From our cell culture data, it takes 10 days to 6 weeks for the cells to reach a complete state of senescence. This has important implications for treatment, as we will see when we discuss senolytics.
What makes the accumulation of senescent cells so bad, and why do we want to eliminate them? Some, but not all, senescent cells may acquire what we call a senescence-associated secretory phenotype (SASP). This means that these cells are going to secrete:
- Proinflammatory, proapoptotic, and insulin resistance-inducing cytokines like TNF⍺, IL6, IL8, and others
- Chemokines that attract, activate, and anchor immune cells
- Metalloproteases that cause tissue destruction
- Members of the TGFß family that lead to fibrosis and stem and progenitor cell dysfunction
- Activins and inhibins that also affect stem and progenitor cells
- Other factors like serpins that lead to thrombosis and fibrosis
- Growth factors that may lead to tumor dissemination
- Bioactive lipids like prostaglandins, bradykinin, and ceramides that lead to inflammation and tissue dysfunction
- MicroRNAs that also lead to stem and progenitor cell dysfunction, inflammation, and insulin resistance
- Exosomes that carry these cytotoxic and senescence-inducing signals to neighboring or distant sites
The senescent cells that acquire this secretory phenotype are 30 to 70% of those present, and the mediators they produce depend on the type of senescent cell and the cause that originated their conversion.
Cells that do not acquire this secretory phenotype are called “helper” cells that do not seem to release proinflammatory or proapoptotic factors, but the true utility of these cells and their interrelationship with the secretory ones has not yet been elucidated.
This secretory phenotype may be modulated by many factors such as hormonal environment, drugs, or pathogens.
Like everything in our bodies, it seems that the presence of senescent cells has some beneficial function; in fact, they have been associated with tissue remodeling during development and healing and even defense against cancer. Some research suggests that if we interfere with these senescence cascades, we may promote the development of cancer. However, getting rid of already formed senescent cells, many of which carry oncogenic mutations or lead to cancer formation because of their secretory phenotype, prevents or delays cancer development. Many studies using senolytic agents confirm this last point.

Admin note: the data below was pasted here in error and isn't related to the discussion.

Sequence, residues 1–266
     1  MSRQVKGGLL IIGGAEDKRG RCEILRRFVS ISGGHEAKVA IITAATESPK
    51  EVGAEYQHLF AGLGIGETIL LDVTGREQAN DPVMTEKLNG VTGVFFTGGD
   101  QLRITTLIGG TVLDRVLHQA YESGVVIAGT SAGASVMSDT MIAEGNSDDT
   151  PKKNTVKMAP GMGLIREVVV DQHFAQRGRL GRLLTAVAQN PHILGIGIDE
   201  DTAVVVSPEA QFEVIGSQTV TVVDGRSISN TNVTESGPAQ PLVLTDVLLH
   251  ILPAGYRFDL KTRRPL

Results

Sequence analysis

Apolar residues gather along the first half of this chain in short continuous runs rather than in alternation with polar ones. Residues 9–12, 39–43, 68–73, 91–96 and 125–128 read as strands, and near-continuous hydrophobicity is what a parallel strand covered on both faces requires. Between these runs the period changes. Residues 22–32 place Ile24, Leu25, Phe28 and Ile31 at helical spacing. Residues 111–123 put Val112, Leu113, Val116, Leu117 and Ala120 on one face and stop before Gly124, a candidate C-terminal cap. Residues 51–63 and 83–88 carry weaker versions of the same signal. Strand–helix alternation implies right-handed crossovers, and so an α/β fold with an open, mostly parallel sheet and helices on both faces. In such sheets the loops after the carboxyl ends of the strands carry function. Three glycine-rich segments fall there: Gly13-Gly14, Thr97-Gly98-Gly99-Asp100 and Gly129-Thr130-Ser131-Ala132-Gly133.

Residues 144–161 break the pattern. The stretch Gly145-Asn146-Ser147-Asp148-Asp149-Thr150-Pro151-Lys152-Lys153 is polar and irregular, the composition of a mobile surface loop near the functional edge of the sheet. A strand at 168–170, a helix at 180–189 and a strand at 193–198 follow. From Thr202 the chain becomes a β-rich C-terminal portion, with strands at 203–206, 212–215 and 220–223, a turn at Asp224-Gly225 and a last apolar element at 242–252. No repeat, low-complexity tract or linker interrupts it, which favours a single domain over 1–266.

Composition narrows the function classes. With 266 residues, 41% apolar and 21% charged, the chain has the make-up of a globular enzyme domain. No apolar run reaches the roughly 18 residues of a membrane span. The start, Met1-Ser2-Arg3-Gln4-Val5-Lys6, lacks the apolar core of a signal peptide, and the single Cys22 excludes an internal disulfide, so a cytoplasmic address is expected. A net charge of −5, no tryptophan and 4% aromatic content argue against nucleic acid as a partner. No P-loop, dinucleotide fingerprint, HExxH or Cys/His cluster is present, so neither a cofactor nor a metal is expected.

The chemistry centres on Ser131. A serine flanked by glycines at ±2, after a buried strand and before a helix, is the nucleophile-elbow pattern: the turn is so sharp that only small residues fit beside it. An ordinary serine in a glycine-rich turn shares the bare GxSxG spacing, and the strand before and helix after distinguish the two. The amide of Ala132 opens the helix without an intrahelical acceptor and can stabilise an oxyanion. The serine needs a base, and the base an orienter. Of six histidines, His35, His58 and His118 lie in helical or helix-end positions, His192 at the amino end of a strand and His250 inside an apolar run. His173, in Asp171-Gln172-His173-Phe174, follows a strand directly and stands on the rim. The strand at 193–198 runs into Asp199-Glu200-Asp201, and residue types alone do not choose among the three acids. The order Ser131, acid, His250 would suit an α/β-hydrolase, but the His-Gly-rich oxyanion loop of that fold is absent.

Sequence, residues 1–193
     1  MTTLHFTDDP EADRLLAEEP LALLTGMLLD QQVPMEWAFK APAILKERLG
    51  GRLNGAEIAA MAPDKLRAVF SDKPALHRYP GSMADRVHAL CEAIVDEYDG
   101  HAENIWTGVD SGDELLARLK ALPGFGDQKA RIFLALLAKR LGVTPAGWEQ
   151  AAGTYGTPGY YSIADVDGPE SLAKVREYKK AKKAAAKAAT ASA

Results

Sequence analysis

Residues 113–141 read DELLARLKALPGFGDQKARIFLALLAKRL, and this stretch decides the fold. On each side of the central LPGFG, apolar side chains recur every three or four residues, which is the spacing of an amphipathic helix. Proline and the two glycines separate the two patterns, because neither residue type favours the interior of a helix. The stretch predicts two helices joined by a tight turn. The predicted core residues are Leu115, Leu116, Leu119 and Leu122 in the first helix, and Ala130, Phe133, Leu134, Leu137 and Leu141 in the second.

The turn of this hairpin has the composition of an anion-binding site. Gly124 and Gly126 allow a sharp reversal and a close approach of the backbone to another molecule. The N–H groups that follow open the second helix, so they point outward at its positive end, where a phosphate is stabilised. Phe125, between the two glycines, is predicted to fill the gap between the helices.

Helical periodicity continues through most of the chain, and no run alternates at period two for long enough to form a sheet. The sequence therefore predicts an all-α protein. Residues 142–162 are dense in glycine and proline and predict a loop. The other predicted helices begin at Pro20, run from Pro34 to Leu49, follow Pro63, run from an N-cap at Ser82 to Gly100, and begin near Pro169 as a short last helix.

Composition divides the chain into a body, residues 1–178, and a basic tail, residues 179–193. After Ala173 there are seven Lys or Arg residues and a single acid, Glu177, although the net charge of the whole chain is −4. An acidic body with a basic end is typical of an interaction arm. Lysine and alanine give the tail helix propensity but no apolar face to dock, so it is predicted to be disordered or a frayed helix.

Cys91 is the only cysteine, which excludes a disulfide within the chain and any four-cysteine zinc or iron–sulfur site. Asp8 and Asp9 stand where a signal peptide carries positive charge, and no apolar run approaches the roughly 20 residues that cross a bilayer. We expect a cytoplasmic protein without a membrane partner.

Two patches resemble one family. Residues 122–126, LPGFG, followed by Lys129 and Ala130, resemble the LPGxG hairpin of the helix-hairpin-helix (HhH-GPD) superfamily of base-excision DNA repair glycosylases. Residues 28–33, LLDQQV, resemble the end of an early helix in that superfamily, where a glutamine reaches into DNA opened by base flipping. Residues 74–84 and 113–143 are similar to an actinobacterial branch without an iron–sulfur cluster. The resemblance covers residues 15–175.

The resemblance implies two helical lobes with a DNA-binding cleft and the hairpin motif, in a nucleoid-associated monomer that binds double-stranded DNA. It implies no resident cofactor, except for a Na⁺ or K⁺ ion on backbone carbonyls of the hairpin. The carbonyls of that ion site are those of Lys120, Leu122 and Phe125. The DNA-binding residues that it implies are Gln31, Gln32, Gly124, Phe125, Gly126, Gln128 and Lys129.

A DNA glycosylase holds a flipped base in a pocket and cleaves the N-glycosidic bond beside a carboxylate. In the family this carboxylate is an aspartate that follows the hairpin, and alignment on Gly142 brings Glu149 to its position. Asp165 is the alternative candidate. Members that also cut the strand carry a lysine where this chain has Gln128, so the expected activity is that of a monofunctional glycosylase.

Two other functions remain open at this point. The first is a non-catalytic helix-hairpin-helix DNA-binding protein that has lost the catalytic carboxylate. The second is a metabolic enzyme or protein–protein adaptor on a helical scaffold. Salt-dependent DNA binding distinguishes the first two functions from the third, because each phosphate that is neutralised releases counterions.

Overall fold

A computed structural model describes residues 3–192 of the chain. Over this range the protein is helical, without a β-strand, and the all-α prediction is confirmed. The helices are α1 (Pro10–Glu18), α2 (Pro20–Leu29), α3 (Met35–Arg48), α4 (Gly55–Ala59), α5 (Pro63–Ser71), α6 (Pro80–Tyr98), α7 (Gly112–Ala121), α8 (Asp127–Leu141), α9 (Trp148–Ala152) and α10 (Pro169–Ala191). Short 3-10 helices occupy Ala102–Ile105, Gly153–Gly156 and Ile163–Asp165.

Although senescent cells may appear in human and other vertebrate tissues at any point in their lives, they accumulate in the later part of their lives. For example, cutaneous senescent cells increase dramatically from age 60 to 80 in otherwise healthy humans.
Senescent cells accumulate at the sites where many diseases originate throughout life. For example, in adipose tissue in diabetes and obesity, in the hippocampus and frontal cortex in Alzheimer’s, in the substantia nigra in Parkinson’s, in bones and bone marrow in osteoporosis, in lungs in pulmonary fibrosis, in the liver in cirrhosis, in the retina in AMD (age-related macular degeneration), in plaques in psoriasis, in kidneys in kidney disease, in the endothelium in preeclampsia, in the heart and arteries in cardiovascular diseases…. Interesting, isn’t it? This is certainly not a chance occurrence.
Precisely to demonstrate that this is not a coincidence, there are experiments in which senescent cells are injected to determine causality, i.e., to cause disease by introducing senescent cells into a tissue.
After introducing senescent cells into the knees of young mice, they caused a state of osteoarthritis with radiological and clinical findings similar to those of “natural” osteoarthritis. After injecting them with non-senescent cells, this did not happen. Other studies of the same type have caused frailty, a higher mortality, and kidney failure in healthy mice.
In our next article, we will discuss the drugs and supplements that are being investigated to selectively kill these senescent cells, which are called senolytics, and the fascinating results we have obtained so far.